Site icon Wonderful Engineering

The U.S Ski Team Is Making A Statement With Secret Messages In Their Racing Suits

Travis Ganong, a member of the U.S. ski team who grew up near the slopes in Lake Tahoe, California, has expressed the impact of our changing planet on snow conditions in their favorite venues.

“I’m just worried about a future where there’s no more snow. And without snow, there’s no more skiing, so this is very near and dear to me,” said Ganong.

The Winter Olympics, launched in 1924 in Chamonix, France, held 16 outdoor events that were witnessed by 10,004 enthusiastic spectators. In 2022, the Winter Games were held in Beijing, featuring over 100 events, and watched by an astounding 300 million people worldwide.

Despite the odds, the games took place, but not without the use of artificial snow on ski runs and refrigeration systems for ski jumps and luge tracks.

Unfortunately, as global temperatures rise, many locations suitable for hosting the Winter Olympics are becoming increasingly unviable. This trend poses a serious threat to the future of snow sports and the next generation of Olympians who may never fall in love with these activities. Ski resorts worldwide are already suffering or under threat due to the impact of climate change.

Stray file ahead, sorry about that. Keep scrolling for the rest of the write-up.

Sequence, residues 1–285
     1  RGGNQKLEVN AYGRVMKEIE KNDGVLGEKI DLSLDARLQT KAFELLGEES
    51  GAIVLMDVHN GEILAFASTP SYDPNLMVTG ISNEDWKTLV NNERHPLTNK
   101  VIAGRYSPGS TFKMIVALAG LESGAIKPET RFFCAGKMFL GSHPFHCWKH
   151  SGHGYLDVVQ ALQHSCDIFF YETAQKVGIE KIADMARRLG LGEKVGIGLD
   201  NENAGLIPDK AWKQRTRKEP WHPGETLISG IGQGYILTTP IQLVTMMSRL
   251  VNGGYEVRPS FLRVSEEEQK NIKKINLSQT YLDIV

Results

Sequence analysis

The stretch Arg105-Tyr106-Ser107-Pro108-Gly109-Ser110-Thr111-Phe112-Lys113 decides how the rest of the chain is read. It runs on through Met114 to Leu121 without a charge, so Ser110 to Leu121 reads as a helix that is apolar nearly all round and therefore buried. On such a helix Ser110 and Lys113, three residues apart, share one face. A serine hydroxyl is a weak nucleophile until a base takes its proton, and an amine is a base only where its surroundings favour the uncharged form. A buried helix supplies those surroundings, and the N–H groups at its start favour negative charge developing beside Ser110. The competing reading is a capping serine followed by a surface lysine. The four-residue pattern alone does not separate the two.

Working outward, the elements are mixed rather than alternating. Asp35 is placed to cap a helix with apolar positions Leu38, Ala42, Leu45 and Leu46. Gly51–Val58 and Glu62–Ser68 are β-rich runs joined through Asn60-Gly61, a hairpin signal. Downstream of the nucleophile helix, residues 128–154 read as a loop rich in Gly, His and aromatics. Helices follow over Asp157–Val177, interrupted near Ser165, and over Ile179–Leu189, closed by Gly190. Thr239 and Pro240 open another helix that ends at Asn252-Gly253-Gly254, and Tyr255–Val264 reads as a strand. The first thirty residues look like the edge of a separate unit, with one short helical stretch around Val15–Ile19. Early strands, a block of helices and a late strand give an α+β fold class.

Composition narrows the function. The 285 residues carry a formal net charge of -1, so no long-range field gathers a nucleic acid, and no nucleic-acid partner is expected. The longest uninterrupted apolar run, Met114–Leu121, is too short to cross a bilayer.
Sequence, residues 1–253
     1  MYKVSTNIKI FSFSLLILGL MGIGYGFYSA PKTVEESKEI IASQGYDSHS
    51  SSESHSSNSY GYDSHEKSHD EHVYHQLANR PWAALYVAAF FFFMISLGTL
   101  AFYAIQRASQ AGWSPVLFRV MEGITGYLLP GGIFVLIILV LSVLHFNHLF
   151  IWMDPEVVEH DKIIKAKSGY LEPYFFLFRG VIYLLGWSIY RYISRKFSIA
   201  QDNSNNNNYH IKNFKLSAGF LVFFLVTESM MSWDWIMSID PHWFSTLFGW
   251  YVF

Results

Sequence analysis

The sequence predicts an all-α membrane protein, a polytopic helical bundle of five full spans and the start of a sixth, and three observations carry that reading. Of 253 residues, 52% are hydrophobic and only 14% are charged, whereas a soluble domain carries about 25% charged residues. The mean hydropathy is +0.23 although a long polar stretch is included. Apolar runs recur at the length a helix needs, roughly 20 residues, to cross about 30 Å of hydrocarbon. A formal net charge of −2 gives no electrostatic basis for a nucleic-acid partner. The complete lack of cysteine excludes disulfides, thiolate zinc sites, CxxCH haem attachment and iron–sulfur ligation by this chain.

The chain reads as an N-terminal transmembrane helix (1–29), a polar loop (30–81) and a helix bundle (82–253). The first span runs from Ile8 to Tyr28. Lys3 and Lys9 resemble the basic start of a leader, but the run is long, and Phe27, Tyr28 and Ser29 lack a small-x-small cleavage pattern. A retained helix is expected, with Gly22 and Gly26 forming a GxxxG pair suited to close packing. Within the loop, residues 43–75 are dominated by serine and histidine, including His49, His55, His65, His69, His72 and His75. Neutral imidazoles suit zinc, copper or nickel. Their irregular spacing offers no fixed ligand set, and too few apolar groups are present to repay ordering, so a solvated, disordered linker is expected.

Enthusiasts worldwide are deeply saddened by the devastating effects of rising temperatures, and many are searching for ways to make a difference. The U.S. ski team has taken a bold step to raise awareness through their race suits.

Supporting the fight against climate change

At the world championships in February, the U.S. team unveiled their new race suits. The unique feature of these suits is the imagery based on satellite photos of icebergs with chunks floating into the ocean. This powerful design draws attention to the impact of climate change and its effect on our planet.

“Although a race suit is not solving climate change, it is a move to continue the conversation and show that U.S. Ski & Snowboard and its athletes are committed to being a part of the future,” Sophie Goldschmidt, president, and CEO of U.S. Ski & Snowboard told ESPN.

Exit mobile version